Wednesday, July 29, 2009

Twain, the Curmudgeon

Illustration from A Connecticut Yankee in King Arthur's Court

Mark Twain has always struck me as resembling that gruff, slightly off-putting uncle every family has. He's humorous but doesn't care whose feelings he hurts as he makes other people laugh. He agrees with other points of view as long as they coincide with his own. He believes he knows what is best for everyone, at every time. And, most importantly, he believes his solution to the problem is the only solution that should even be considered.

After reading A Connecticut Yankee in King Arthur's Court, I can't say my opinion of Mark Twain has changed.

To be fair, this is the first book of his I have read. I've had the specre of Huckleberry Finn and The Adventures of Tom Sawyer hung over my head by all sorts of teachers since elementary school. I gave then the answer that because the stroeis weren't about anthropomorphic animals or part of the McGurk mystery series by E.W. Hildick, I wasn't parcitularly interested. Twain's writing style -- ,jumping out of the 19th century American frontier -- never much appealed to me either. But I'm growing older and wiser and trying to prise open my mind to different things.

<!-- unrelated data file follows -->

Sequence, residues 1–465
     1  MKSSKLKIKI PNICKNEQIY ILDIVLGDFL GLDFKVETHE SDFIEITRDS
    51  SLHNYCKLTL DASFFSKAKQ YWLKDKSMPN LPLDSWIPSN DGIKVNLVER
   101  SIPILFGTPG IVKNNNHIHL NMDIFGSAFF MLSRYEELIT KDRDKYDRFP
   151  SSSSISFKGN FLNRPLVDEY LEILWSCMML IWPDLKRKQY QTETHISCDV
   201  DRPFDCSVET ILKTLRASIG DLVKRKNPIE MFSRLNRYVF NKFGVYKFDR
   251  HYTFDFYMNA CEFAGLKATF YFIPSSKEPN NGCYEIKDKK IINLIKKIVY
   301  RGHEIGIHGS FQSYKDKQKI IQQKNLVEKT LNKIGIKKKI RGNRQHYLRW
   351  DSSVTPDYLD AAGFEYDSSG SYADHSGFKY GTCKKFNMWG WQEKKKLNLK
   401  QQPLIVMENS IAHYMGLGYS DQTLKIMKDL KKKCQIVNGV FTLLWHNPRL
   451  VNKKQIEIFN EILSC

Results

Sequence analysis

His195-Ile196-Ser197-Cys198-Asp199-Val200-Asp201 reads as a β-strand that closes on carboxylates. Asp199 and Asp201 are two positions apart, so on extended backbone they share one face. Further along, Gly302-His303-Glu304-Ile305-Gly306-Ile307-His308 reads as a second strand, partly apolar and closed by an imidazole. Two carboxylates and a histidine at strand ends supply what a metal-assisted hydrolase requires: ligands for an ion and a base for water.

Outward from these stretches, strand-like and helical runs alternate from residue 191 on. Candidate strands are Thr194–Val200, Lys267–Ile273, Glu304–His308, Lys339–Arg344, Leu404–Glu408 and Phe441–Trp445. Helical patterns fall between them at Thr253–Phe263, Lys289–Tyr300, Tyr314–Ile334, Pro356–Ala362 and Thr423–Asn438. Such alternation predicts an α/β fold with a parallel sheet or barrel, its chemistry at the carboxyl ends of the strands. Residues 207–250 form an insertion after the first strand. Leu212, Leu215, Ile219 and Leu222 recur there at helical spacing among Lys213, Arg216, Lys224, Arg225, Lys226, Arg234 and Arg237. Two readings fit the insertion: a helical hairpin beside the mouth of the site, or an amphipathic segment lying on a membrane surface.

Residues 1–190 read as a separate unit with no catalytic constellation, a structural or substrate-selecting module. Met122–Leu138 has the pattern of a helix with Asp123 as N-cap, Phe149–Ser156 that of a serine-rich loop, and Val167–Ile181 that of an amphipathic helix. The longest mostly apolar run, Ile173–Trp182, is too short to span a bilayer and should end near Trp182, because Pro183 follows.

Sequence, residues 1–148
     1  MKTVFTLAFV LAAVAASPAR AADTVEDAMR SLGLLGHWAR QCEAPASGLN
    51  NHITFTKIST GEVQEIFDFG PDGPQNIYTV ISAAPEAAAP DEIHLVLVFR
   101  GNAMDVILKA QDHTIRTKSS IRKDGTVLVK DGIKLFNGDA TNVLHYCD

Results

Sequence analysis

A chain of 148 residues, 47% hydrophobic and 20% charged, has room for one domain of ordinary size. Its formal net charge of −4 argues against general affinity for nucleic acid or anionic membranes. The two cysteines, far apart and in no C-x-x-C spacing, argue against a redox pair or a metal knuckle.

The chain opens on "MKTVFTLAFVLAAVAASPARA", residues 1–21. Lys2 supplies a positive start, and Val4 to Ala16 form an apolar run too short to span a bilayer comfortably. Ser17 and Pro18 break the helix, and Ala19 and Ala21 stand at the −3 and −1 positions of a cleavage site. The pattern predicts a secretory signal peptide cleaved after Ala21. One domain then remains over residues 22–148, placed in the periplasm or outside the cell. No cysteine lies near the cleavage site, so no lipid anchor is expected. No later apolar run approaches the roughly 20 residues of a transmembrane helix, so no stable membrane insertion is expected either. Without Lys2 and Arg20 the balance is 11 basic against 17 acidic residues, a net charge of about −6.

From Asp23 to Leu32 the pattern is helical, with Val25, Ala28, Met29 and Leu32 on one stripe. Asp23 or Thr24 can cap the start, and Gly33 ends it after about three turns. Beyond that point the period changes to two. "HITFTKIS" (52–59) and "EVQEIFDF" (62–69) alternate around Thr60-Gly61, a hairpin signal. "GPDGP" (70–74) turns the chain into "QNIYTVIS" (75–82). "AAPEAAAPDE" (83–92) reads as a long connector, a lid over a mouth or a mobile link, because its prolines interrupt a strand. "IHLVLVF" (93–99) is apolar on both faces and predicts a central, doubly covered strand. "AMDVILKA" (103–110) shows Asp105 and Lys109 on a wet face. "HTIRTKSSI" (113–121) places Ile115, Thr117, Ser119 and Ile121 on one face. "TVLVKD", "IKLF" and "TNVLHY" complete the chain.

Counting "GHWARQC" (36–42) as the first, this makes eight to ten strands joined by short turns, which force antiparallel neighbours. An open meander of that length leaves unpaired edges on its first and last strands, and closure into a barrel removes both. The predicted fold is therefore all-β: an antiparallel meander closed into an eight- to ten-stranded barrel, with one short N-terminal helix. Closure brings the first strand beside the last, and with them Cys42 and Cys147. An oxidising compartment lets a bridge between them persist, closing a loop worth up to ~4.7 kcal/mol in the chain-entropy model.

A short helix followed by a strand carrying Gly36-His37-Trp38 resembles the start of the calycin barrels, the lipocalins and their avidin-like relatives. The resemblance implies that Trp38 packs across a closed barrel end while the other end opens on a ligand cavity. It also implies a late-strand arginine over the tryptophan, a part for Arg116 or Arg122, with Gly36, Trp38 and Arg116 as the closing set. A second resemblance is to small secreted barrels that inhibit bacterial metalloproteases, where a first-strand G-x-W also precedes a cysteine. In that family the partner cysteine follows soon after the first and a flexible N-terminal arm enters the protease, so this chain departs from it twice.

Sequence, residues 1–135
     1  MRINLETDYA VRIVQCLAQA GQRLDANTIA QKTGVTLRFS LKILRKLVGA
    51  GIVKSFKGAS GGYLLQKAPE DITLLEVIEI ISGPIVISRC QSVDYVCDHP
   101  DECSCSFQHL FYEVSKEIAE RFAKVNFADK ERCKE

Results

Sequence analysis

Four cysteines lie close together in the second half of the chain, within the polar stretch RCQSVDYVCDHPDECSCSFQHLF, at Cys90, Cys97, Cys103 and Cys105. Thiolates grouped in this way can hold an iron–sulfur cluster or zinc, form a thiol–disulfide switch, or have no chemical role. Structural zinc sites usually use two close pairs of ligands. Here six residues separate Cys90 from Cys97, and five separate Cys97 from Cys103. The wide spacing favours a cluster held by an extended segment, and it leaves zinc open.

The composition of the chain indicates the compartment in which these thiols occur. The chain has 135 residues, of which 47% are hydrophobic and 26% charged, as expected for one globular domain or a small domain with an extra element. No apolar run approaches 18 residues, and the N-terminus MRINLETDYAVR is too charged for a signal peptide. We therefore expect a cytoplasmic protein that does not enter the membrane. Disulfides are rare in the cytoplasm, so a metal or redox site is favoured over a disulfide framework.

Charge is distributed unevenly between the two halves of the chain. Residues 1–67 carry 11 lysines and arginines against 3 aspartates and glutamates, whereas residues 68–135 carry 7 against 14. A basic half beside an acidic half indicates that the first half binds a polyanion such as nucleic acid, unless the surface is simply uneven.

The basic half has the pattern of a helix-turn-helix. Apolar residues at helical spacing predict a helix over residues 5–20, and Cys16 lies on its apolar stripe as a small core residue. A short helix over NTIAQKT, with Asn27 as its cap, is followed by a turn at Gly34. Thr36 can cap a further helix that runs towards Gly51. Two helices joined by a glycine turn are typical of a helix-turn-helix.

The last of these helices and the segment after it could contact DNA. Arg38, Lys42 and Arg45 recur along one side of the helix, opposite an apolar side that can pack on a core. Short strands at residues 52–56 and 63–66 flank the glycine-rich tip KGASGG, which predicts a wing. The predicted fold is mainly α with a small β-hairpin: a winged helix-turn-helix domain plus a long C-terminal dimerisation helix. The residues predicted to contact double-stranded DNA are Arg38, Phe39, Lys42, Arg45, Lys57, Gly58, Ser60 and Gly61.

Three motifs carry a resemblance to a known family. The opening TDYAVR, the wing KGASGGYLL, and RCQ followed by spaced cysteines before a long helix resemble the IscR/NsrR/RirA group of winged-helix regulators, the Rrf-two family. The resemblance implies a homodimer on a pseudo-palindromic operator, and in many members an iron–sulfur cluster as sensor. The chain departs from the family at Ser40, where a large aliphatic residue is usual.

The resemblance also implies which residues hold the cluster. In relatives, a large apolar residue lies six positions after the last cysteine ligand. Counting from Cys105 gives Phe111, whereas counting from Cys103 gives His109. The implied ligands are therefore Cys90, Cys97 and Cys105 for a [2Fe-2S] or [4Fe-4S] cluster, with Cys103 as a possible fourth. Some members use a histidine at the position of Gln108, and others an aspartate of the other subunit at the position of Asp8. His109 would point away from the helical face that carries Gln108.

Twain, as a satirist, is difficult to understand. How much of what he writes in A Connecticut Yankee is meant to take seriously, and how much is to be brushed aside? Do we really believe, through his protagonist Hank Morgan, that Twain believed an application of technology, starting with the establishment of a patent office, advertising in the form of sandwich boards, and modern journalism were to cure all of medieval England's ills, or any society's ills? Probably not. Maybe this was Twain's attempt to show that such application of what one society regards as normal and necessary is merely jingoism, especially in the light of the people's rebellion against the "Republic" at the end of the novel, through fear of and loyalty to the church, kith and kin. (All of which is a smashing allegory to the United States' current involvement in Iraq. No amoutn of application of Western values and culture there is going to cut through the cutlure that is already there.)

It is interesting toconsider that Twain's novel came out at about the same time as Edward Bellamy's utopic Looking Backward. Twain's novel could be considered his attempt at creating a utopic society in which Morgan is able to create a new nation out of the rough cloth of medieval England. If it was, it succumbed to the cynicism that is the hallmark of Twain's later years.

Anyway, I have Life on the Mississippi coming up soon on my reading list. I'll give Twain a second chance.

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